Joe: There’s no doubt about it. I mean, it doesn’t have to be India. I mean, the American Indians go down the list. Anybody who lived. There’s a great show on Netflix. If you, most people watch Netflix and it’s about the building of the trains right across the country and. “Hell on wheels” it’s called OK. And it just gives you insight as to what life was like. Yeah. So it doesn’t have to be India to answer. It could be anywhere, any time period where you struggle during the day. And now a lot of people might kick back listening to this and say, that’s ridiculous. We’ve advanced ourselves. We live longer. We’re healthy, you know, don’t confuse living longer with being healthier. Yes. Yes. Like my father for the last 15, 20 years of his life was in and out of the hospital every week. It’s great that I got to see him and I loved him and like, but he was unhappy. He was so unhealthy, he was living in a hospital. So anyway, I’m sorry, I got to figure out after I get off your podcast how to get the beep beep to stop. That’s right. But but you get the point. Yeah. Yeah. You get the point.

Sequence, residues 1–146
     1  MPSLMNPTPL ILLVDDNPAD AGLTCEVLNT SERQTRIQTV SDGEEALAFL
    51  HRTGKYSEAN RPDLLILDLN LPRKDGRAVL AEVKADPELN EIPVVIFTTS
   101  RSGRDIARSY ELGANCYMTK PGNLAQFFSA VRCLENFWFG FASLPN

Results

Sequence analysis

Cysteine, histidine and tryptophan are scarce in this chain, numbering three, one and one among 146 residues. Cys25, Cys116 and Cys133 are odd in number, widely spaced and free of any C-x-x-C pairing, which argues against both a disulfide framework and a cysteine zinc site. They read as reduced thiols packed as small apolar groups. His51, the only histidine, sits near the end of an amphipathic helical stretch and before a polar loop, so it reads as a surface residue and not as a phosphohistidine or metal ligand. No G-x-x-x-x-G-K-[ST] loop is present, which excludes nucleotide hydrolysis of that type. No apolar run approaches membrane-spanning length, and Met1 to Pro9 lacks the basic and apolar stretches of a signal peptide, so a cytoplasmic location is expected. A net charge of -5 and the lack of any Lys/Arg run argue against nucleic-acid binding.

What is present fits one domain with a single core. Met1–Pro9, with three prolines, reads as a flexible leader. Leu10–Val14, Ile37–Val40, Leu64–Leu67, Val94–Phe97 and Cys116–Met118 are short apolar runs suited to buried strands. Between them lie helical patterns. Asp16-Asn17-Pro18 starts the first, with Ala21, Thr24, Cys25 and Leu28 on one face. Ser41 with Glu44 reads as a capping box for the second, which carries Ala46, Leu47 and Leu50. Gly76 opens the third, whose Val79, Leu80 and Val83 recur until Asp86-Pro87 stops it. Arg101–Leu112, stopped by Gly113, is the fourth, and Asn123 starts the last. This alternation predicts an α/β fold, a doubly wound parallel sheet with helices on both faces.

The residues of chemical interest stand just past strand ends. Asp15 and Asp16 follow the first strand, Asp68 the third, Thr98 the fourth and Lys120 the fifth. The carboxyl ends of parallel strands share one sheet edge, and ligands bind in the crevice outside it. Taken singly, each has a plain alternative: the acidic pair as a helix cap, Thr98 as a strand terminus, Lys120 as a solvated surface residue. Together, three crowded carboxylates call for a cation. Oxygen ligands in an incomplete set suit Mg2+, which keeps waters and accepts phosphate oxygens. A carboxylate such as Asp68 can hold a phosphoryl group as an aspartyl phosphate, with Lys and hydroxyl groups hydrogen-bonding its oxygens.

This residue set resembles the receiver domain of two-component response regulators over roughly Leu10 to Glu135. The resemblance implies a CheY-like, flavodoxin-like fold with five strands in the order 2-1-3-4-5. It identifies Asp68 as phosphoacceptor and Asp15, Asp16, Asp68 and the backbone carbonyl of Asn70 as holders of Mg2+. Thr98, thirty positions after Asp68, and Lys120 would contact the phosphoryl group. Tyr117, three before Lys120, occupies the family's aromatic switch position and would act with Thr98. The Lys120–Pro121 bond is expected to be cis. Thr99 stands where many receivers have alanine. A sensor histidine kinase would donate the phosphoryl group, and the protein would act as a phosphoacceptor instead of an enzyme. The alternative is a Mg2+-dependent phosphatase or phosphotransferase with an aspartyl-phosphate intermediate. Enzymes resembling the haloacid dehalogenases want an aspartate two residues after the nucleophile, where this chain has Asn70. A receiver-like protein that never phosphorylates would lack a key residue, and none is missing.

Darren: Yeah. So in terms of, you know, yeah, I completely agree. We are living longer, but we are way un healthier than we ever used to be. And that’s a whole other topic for another podcast, to be honest with you. So in terms of what motivated you to write this book then joked about resilience. Was it your view of the world, the view that you’ve just described in so much as we’re not doing hard things we’re sitting back? We’re getting in our comfort zone. You know, we’re allowing society to dictate what we should and shouldn’t do instead of pushing outside of that.